They immediately formed a strong bond and were together nearly every moment that they could between medications, chemo treatments and transfusions.
The friendship helped their healing and inspired their parents, who also became close friends.
After spending much of the year hospitalized, both children are at home and in remission, but they and their families remain close.
Summer Drinnon, Sawyer’s mom, said having that friendship was invaluable for their family. She said it made them feel that they were not alone and had someone to share experiences and stories with. They each had someone who knew what they were going through.
“We are beyond thankful for these friends that turned into family,” Drinnon said.
The children initially bonded over a shared love of the Grinch from “How the Grinch Stole Christmas,” by Dr. Seuss.
Last December, Levi walked the hospital halls with his mom and noticed that he and Sawyer had their rooms decorated with a Grinch theme.
Levi made Grinch goodie bags for every child on the floor and hung them on the door handles. Sawyer returned the favor by hanging a gift for Levi on his hospital room door, which sparked the friendship.
The two preschoolers began passing each other notes under the door, and their parents scheduled play dates for them in the playroom.
“It was an instant connection,” said Levi’s mom, Karli Lansdell. “They picked each other up. If one were sick, the other would make them smile, and vice versa. They were so sweet. Even if one didn’t feel like playing, the other would go into the room and check on them.”
Drinnon said her daughter woke up each morning to see what Levi was doing for the day, eager to discover what fun things they could do together. They met in the hallways to walk together to breakfast, then into the hospital’s shared playrooms to play superheroes.
The families also grew close. Karli Lansdell bonded with Summer Drinnon, and the two dads, Zach Lansdell and Ryan Vines, also became close friends.
“That is a friendship that will never be lost,” said Karli Lansdell. “We would have family play time, family dinners, play dates – everything we could do to make the hospital life more enjoyable.”
The children’s hospital stays overlapped, and the pair spent nearly every moment together, celebrating other holidays. Levi asked Sawyer to be his Valentine while in the hospital, and it was a moment that the families will never forget.
“The two cried for each other at their lowest moments, laughed through all the tough times, and comforted each other in ways words cannot express,” Karli Lansdell wrote in explaining how the children’s friendship contributed to their health and healing.
After Levi was discharged from the hospital, Sawyer started her next treatment at Egleston, and the parents had to arrange for them to FaceTime or call each day.
Lansdell said it can be hard to make close connections during a hospital stay, but it’s worth the effort because those friendships are lasting.
“Other people outside of the hospital don’t see the inside world we’re living in, the cancer life. It was really good to have support – someone who understood what you were going through,” she said.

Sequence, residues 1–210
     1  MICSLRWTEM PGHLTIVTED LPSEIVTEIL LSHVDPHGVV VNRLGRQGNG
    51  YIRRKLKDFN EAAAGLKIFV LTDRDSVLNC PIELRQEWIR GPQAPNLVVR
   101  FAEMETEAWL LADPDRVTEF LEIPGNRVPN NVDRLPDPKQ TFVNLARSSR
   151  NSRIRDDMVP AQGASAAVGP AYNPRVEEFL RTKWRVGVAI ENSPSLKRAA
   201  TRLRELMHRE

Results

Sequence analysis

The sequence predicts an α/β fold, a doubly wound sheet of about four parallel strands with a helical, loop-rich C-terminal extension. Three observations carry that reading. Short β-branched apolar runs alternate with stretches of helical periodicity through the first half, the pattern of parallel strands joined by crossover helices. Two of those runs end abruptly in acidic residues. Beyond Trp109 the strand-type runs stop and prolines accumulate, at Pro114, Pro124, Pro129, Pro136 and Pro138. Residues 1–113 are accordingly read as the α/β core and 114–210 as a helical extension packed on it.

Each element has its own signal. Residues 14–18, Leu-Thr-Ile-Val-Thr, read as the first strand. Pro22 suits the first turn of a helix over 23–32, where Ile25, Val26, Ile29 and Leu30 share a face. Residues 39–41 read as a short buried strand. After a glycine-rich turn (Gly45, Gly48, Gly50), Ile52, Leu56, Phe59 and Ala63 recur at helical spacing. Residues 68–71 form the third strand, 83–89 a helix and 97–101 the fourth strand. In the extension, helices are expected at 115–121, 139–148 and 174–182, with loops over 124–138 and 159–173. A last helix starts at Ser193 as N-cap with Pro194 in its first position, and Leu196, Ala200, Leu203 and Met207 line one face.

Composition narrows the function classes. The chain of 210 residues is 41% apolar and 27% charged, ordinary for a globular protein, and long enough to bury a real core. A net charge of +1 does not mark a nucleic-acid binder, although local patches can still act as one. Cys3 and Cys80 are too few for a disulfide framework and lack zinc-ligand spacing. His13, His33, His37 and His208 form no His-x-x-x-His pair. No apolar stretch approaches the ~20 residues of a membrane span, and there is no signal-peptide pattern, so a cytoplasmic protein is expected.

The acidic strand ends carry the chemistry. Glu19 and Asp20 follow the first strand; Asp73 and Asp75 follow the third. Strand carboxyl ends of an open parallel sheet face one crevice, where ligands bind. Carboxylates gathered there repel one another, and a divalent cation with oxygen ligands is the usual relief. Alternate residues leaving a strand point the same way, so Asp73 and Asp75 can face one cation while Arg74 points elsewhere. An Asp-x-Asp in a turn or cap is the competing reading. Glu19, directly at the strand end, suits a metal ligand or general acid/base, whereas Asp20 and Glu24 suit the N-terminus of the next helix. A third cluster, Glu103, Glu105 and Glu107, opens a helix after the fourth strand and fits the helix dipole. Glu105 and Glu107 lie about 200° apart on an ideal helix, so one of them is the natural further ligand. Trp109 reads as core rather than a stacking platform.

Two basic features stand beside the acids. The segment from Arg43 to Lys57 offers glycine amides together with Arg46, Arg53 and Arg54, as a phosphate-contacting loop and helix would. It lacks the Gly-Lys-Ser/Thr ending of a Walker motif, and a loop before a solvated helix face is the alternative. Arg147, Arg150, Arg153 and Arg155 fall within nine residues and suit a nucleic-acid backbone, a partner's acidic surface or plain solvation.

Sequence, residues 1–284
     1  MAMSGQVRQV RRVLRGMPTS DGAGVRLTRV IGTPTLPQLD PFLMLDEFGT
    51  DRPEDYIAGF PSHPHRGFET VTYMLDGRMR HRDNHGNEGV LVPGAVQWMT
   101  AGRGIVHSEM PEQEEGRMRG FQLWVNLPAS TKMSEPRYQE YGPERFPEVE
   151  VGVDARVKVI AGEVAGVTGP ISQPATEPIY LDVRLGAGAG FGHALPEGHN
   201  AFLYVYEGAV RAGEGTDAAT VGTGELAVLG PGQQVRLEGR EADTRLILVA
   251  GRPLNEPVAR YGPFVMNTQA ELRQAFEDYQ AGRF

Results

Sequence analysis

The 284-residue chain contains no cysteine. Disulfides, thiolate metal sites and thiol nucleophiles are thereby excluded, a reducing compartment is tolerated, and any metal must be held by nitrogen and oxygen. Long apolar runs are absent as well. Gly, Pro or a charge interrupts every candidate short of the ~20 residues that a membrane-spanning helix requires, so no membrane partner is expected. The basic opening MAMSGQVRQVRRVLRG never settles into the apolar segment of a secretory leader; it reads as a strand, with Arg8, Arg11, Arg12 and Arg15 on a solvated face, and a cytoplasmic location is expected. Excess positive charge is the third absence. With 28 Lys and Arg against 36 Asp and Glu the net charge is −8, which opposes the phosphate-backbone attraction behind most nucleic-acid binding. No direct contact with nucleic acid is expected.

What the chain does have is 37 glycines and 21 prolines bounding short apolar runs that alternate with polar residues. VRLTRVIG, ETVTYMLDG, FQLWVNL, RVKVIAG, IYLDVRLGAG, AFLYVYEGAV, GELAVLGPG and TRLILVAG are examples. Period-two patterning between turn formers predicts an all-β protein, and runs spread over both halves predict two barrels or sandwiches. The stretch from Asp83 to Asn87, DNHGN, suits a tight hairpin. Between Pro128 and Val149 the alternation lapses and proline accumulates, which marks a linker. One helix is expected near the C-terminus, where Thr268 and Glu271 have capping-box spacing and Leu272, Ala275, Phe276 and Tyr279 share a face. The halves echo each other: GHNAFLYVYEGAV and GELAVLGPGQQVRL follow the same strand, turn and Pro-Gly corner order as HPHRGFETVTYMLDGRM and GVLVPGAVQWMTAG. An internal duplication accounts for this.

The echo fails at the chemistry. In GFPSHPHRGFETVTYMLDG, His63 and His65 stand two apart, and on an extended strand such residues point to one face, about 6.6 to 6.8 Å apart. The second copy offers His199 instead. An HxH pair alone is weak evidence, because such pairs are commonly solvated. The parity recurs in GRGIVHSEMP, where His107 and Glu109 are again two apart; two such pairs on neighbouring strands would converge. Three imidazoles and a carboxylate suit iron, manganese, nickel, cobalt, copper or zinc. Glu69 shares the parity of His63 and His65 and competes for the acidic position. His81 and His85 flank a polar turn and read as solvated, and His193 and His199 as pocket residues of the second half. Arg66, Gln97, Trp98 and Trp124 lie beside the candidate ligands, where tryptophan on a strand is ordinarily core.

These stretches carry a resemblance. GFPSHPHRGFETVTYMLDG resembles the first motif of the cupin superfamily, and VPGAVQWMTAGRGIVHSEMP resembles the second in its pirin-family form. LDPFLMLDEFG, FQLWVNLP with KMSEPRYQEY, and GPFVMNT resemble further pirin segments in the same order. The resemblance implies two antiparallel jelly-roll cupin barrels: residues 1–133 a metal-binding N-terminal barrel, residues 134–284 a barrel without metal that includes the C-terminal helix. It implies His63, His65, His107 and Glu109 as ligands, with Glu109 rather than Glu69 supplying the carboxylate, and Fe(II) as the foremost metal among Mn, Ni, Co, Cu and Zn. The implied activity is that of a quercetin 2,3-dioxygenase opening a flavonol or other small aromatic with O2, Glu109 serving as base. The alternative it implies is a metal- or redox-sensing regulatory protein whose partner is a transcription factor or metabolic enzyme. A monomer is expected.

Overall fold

Spending the holidays in the hospital can also be a downer, but families can still make memories.
“We still decorated our room. We still had a little Christmas tree. We had presents. We didn’t make cookies, but we decorated cookies,” remembered Lansdell. “There are many things you can still do to get in the holiday spirit, even on the bad days.”
Team members with CURE Childhood Cancer are in the hospitals every day, and during the holidays, they help decorate patient rooms. The nonprofit’s Holiday Angel program allows companies and families to adopt families in the hospital and fulfill their entire wish list.
CURE works with Atlanta-based Copeland’s of New Orleans restaurant to provide more than 200 Christmas Eve dinners, all donated by Copeland’s, said CURE’s CEO Kristin Connor.
The nonprofit also hosts an annual holiday party for about 200 young cancer patients and families who aren’t in the hospital.
Levi and Sawyer are out of the hospital and back to everyday life. Levi enjoys playing outside, playing ball, and going on adventures. He and his parents were given a trip to Disney World this month through the Make-A-Wish Georgia nonprofit.
Sawyer enjoys playing with her sisters, singing and dressing up.
The two have met up for several play dates and still make time for phone calls when their schedules line up or on appointment days.
“For Christmas this year, we are at home and enjoying every minute of it, being home, having him healthy, and just truly soaking in every moment,” said Lansdell.
HOW TO HELP
Cure Childhood Cancer donates more than $5 million annually to childhood cancer research and the precision medicine program at the Aflac Cancer and Blood Disorders Center at Children’s Healthcare of Atlanta. The nonprofit also walks beside families in their fight against childhood cancer, providing meals and snacks, counselors and financial assistance.
Those interested in donating can go to curechildhoodcancer.org.